HF is one of the more challenging CVDs to prevent because of the various pathways that can lead to its manifestation. Recently, several tools have been developed that use clinical characteristics and biomarkers (alone and in combination) to improve HF risk prediction (4). LS7 is a simple way to identify higher-risk individuals; however, this analysis and others indicate how few individuals have ideal cardiovascular health metrics in the western world (and likely other parts of the world as well). This emphasizes the increasing importance of “primordial prevention,” the prevention of the emergence of CVD risk factors. The pathophysiology of CVD has its roots in early childhood and adolescence, and CVD risk factors emerge at various stages of life, resulting from a complex interplay of genes, habits, and environment. Of LS7, diet- and activity-related habits can be influenced at an earlier stage in life, and therefore are the keys in the primordial prevention of CVD. Despite guidelines for physical activity and nutrition in children, the practical application of these guidelines is challenging given the politico-societal influence underlying such policies. Another important demographic group for primordial prevention is adolescents/young adults, whose decisions about diet, physical activity, smoking, and education have far-reaching consequences. Individuals with ideal LS7 scores were more than twice as likely to have higher education that those with inadequate scores.
As our efforts to prevent HF evolve, age group–specific approaches are required (Figure 1). In younger groups for whom primordial prevention is the focus, education and promotion of healthy lifestyle habits to the family at large should be emphasized. Efforts such as those championed by Dr. Valentin Fuster (or Valentin Ruster as his character is called in the Spanish version of Sesame Street) and healthy lunch programs in elementary schools in the United States are laudable and important. In young adulthood, a combination of education and incentives for healthy habits may help. In middle-aged and older adults, precision medicine approaches using biomarkers, imaging, proteomics, and metabolomics to guide both pharmacotherapy and intensity of lifestyle modifications combined with societal strategies to promote a healthy lifestyle may be useful.
In summary, the factors that constitute LS7 are simple to describe but very hard to achieve without a concerted effort across multiple fronts; public policy coupled with individual education is critical if we are to make progress in realizing the ideal metrics of LS7. Non-ideal metrics may be viewed as the 7 deadly sins that lead to CVD, of which HF is emerging as one of the most frequent. While development of medical therapies is important, prevention of the underlying adverse behaviors and clinical characteristics is essential to improve CVD outcomes. Engagement and education of those crafting and influencing public health policies are critical for advancing the prevention of HF and cardiometabolic diseases in general. Strategies developed by organizations such as AHA, American College of Cardiology, and the American Diabetes Association to reduce CVD events in those with diabetes and clinical CVD must go beyond secondary prevention and encompass primordial and primary prevention. Indeed, like the old adage, if we do not close the barn door before the horse has bolted, then the prevention of failure will become the failure of prevention (4).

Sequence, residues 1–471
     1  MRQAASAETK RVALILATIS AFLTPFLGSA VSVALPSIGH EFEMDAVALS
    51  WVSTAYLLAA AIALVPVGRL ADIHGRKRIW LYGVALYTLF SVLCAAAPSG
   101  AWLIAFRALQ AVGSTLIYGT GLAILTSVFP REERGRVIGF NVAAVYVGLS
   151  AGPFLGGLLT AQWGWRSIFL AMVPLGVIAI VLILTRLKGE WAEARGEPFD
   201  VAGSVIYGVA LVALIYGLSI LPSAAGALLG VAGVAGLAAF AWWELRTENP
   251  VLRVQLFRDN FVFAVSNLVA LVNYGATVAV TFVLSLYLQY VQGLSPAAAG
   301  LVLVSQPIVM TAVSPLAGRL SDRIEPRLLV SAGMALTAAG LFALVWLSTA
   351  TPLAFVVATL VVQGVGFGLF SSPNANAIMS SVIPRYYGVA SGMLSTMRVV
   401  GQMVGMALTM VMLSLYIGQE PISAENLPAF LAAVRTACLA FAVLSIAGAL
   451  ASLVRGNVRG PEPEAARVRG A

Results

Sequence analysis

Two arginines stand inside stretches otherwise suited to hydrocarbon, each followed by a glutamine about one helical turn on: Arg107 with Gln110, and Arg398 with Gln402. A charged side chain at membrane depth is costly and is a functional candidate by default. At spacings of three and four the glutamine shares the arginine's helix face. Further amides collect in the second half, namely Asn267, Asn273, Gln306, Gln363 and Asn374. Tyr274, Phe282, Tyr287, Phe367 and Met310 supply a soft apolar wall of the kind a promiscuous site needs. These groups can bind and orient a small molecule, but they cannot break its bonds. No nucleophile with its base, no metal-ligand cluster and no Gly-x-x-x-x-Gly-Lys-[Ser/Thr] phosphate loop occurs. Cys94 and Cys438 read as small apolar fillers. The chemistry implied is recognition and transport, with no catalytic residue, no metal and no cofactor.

↵∗ Editorials published in JACC: Heart Failure reflect the views of the authors and do not necessarily represent the views of JACC: Heart Failure or the American College of Cardiology.
Dr. Ballantyne has received grants and personal fees from the National Institutes of Health (NIH R01-HL134320), Abbott, and Roche. Dr. Nambi is supported by a VA MERIT grant (1I01CX001112-01); and is a site Principal Investigator for study sponsored by Merck. Drs. Ballantyne and Nambi are coinventors on a provisional patent #61721475 (“Biomarkers to Improve Prediction of Heart Failure Risk”) filed by Roche and Baylor College of Medicine. The views expressed by the authors are not a representation of the views of the Department of Veterans Affairs.